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Hillary Low-balled Bill's Pay in Forms

By Robert Parry
April 6, 2008 (Updated April 16, 2008)

In her disclosure forms for the U.S. Senate and her presidential campaign, Hillary Clinton downplayed Bill Clinton’s income from two key financial backers, billionaire investor Ronald Burkle and consumer-data executive Vinod Gupta, when compared with the Clintons’ recently released tax filings.

Sen. Clinton’s earlier disclosure forms listed the former President’s compensation as “over $1,000” each from Burkle’s and Gupta’s firms – when the actual amounts ran into the hundreds of thousands and even millions of dollars, according to the tax returns.

The Clintons received as much as $15 million from Burkle’s Yucaipa investment firm from 2003 through 2007, starting with $1 million a year in 2003, peaking at $5 million in 2005 and leveling off at more than $2.5 million the past two years, according to tax forms and other data released by the campaign on Friday.

In January 2008, the Wall Street Journal reported that Bill Clinton also stands to make $20 million as he unwinds his complicated business relationship with Yucaipa, which has connections to the ruler of Dubai, Sheikh Mohammed bin Rashid al-Maktoum. [WSJ, Jan. 22, 2008]

However, a voter would have gotten little inkling of the value of Bill Clinton’s dealings with Yucaipa from Sen. Clinton’s disclosure forms. Although she gave precise dollar amounts for Bill Clinton’s many paid speeches, his earnings from Yucaipa were listed simply as “guaranteed payment to partner, over $1,000.”

In her presidential disclosure form, signed on June 13, 2007, Sen. Clinton also put the value of her spouse’s assets in Yucaipa Global Partnership Fund LP at between $1,001 and $15,000. The form listed interest from Yucaipa Global Holding as between $5,001 and $15,000, and other related holdings ranging from $15,000 to $250,000.

Under Senate ethics rules, senators are allowed to list work compensation for spouses as "over $1,000," but are required to spell out a spouse's exact amount for honoraria, such as speaking fees as Clinton's disclosure forms did, according to campaign finance expert Fred Wertheimer.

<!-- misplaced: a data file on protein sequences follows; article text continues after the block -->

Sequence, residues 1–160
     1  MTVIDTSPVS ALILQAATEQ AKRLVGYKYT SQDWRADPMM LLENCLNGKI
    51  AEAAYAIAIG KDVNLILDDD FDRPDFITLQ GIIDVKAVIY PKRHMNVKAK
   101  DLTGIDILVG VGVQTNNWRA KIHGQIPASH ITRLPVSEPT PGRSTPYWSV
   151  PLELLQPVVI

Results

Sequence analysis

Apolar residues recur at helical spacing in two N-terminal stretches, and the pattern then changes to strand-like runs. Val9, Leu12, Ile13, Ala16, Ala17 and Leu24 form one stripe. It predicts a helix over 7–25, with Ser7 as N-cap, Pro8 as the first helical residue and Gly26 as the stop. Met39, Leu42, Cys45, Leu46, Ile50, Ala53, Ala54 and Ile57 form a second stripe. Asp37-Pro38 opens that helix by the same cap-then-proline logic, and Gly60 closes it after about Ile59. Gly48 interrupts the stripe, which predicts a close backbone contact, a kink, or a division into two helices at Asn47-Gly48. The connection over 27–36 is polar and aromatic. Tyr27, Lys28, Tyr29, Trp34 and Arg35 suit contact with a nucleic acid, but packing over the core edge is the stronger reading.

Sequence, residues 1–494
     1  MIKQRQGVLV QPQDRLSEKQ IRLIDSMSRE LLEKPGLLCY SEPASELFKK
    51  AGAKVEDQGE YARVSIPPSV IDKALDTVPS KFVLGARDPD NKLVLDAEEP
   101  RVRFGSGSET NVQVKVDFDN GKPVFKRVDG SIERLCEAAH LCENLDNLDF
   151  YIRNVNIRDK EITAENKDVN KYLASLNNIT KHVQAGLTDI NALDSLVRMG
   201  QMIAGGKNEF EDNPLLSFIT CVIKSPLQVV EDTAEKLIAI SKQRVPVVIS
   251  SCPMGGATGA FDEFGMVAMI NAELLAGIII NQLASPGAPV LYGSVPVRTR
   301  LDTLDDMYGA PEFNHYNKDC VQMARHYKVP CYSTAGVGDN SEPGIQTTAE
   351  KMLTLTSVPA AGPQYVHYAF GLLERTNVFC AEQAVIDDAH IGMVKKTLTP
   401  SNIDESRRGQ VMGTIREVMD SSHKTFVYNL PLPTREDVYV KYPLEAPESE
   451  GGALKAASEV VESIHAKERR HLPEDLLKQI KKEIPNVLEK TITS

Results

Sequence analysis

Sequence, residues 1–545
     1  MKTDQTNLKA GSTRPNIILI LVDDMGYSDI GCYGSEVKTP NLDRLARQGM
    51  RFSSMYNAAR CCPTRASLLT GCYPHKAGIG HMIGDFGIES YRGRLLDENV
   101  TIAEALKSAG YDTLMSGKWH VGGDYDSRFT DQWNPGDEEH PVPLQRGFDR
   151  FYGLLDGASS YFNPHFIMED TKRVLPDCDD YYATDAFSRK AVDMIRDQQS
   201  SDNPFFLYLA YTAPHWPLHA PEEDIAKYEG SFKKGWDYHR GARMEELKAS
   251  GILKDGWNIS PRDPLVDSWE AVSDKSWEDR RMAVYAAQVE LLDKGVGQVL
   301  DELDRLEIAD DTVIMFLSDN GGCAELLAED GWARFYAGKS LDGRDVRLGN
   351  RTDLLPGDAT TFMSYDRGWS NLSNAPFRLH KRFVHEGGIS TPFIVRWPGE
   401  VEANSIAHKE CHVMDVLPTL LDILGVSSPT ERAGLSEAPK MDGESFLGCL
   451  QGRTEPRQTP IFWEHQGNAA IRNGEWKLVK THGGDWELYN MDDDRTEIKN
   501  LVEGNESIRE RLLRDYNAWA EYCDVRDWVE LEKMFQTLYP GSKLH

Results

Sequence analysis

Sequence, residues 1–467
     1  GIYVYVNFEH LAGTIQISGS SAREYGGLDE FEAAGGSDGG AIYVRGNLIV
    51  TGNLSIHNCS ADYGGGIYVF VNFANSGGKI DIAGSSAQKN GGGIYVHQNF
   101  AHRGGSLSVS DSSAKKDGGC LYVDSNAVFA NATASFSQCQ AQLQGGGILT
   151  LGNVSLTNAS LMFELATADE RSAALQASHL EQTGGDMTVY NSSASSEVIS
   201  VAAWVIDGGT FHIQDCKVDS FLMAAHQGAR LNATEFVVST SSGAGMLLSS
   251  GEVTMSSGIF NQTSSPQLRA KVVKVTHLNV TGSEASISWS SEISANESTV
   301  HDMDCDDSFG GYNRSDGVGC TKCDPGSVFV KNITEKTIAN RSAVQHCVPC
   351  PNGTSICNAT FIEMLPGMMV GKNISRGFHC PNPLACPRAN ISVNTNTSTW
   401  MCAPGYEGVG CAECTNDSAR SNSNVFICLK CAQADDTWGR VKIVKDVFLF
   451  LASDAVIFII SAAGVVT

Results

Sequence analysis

In presidential campaign disclosure forms, candidates also are allowed to offer broad ranges for their spouses' (and their own) assets, which Sen. Clinton did even on such mundane assets as former President Clinton's whole life insurance policy and his Arkansas state pension.

However, when it came Bill Clinton's multi-million-dollar holdings in Burkle's Yucaipa partnership, the actual value is not spelled out at all clearly. Sen. Clinton offered only a minimalist picture of how handsomely the California billionaire was rewarding the ex-President for his participation in the international investment partnership.

Though she appears to have been within her legal rights to list her husband's guaranteed payment from the partnership at "over $1,000," the couple's tax returns show that they were aware the actual figure for 2006 was $2.5 million. [See Page 51 of their 2006 tax returns.]

In other words, Sen. Clinton may have fulfilled the minimum requirements for public disclosure forms while giving the public little meaningful information to base a judgment regarding the significance of potential conflicts of interest surrounding Burkle's investments. Letting a spouse into a lucrative partnership deal apparently was not regarded as a serious threat for influencing a member of Congress when the ethics laws were passed three decades ago.

Sen. Clinton’s disclosure forms displayed a similar vagueness regarding Bill Clinton’s earnings from Gupta’s InfoUSA. The forms listed “non-employee compensation, over $1,000” – however, the tax material released by the Clinton campaign on Friday showed that InfoUSA paid the ex-President $400,000 last year alone.